Sen. Brian Busybody

How many voters may ride in your vehicle with you to the polling place? Sen. Brian Birdwell, who represents Waco, supports a section of Senate Bill 9 which will limit you to transporting three voters to the polling place unless the voters are disabled or are family members. You would not be able to transport more than three friends or neighbors. Teachers would be prohibited from transporting more than three students.

Why? Sen. Birdwell’s office staff provided the following reason: Because the driver may be transporting only voters favorable to a certain measure, i.e., the voters may all vote alike.

Why does that matter? We live in a democracy where voting is a right and is private. Free speech allows all voters to influence one another. That is what lobbying, political advertisements, debates, etc. all attempt to do. The government does not have the right to know why or how a voter travels to the polling place to cast a ballot. How would this law even be enforced? Would someone have to police the car pools entering the polling place parking lots? Or would vote centers have parking lot monitors? Oh, and isn’t carpooling good for the environment and something to be encouraged?

This section of Senate Bill 9 needs to be eliminated. If you agree, please contact Senator Brian Birdwell, Congressman Bill Flores and Representative Doc Anderson and let them know this section of the bill is government overreach, suppresses voter rights and should never be part of our democratic voting process.

Jacqueline Rhodes, Waco

Apocalypse arrives!

Sunday morning I received a flash e-mail from the Tribune-Herald telling me that Facebook, Instagram and WhatsApp were down worldwide for an unknown reason and that billions were affected. That meant the following might have occurred:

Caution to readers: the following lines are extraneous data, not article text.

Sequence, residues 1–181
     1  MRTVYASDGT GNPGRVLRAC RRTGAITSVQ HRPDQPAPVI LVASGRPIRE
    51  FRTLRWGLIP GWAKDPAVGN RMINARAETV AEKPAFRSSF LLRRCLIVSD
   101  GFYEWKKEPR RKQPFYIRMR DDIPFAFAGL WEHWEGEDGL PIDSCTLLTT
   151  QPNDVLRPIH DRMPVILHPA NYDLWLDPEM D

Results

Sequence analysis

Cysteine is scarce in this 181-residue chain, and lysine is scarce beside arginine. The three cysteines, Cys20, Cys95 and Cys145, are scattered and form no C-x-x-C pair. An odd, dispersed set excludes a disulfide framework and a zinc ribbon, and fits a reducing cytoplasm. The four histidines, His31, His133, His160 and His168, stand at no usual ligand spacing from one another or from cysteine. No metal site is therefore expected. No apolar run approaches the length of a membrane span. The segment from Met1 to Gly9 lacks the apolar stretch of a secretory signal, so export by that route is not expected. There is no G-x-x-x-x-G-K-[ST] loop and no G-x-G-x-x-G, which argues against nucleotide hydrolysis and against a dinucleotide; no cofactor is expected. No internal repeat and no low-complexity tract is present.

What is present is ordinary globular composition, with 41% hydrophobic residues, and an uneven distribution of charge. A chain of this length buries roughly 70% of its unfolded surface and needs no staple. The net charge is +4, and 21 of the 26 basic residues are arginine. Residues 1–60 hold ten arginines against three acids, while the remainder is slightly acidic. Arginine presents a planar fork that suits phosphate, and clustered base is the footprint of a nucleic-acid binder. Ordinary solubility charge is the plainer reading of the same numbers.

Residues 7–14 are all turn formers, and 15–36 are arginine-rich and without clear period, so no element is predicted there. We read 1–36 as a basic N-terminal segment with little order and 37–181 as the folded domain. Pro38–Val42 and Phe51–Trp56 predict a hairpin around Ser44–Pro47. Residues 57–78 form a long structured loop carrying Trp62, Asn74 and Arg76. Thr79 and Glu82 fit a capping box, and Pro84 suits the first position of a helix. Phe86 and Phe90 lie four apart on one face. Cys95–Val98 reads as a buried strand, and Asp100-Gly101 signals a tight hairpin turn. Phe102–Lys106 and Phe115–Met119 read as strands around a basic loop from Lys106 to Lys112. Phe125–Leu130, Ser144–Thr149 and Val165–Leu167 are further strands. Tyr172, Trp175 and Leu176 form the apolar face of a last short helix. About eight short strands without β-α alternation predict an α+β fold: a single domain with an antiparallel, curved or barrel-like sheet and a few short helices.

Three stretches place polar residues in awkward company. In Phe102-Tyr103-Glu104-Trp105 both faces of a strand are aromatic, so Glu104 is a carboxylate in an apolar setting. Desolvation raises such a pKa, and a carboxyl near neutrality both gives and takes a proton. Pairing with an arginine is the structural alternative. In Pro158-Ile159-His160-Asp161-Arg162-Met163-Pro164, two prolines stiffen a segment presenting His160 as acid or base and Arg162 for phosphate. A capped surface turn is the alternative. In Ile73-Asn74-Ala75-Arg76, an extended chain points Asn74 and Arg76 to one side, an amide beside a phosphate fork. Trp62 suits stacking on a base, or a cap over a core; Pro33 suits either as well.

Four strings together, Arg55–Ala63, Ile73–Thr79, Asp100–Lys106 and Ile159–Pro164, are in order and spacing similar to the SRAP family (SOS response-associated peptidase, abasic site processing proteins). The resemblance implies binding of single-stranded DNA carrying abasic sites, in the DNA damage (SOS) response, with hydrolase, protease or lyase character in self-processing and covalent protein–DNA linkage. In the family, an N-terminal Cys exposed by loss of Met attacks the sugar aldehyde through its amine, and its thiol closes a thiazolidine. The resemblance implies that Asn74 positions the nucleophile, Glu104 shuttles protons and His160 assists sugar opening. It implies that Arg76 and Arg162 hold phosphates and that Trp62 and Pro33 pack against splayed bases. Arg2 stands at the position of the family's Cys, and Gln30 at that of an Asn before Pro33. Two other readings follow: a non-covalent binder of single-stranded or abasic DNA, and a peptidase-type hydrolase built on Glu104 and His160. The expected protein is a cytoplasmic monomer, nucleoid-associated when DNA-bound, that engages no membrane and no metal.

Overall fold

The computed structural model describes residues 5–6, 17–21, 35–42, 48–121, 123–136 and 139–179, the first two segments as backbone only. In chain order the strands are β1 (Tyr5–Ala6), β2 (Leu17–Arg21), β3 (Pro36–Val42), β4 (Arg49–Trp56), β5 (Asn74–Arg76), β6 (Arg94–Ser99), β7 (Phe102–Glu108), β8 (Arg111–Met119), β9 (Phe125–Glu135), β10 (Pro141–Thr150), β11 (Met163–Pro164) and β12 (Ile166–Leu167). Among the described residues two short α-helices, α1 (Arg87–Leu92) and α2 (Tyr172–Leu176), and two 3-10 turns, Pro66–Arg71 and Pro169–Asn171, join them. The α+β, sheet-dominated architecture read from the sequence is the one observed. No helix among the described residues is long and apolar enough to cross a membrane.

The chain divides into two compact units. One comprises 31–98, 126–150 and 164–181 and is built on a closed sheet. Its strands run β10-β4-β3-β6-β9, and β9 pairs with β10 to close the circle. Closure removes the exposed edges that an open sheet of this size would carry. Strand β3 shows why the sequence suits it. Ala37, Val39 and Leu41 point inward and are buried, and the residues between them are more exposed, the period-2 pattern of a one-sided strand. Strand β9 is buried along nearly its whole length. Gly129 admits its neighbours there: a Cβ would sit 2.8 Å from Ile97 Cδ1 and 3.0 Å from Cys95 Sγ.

• People had to talk with one another using their mouths and vocal chords instead of pushing buttons on a mechanical device.
  • Drivers would actually have BOTH hands on the steering wheel.
  • Humans might have had to pick up that antiquated piece of equipment known as a landline telephone to communicate.
  • Many probably had to seek psychological help to deal with their inability to feed their social media addiction.
  • Others might have taken a walk, enjoyed the outdoors or perhaps for once noticed their surroundings instead of walking with their heads down looking at their phones.

I am sure a great sigh of relief was breathed across the globe when these services were finally restored. Thank God everyone could still text.

I know it was hard and you were probably sweating bullets, but I am sure that life went on, even if you could not post on Facebook or Instagram for a few hours. I am also sure that everyone was on Twitter wondering if the apocalypse was upon us.

Nah, we aren’t addicted. Or are we?

Michael Welhausen, Waco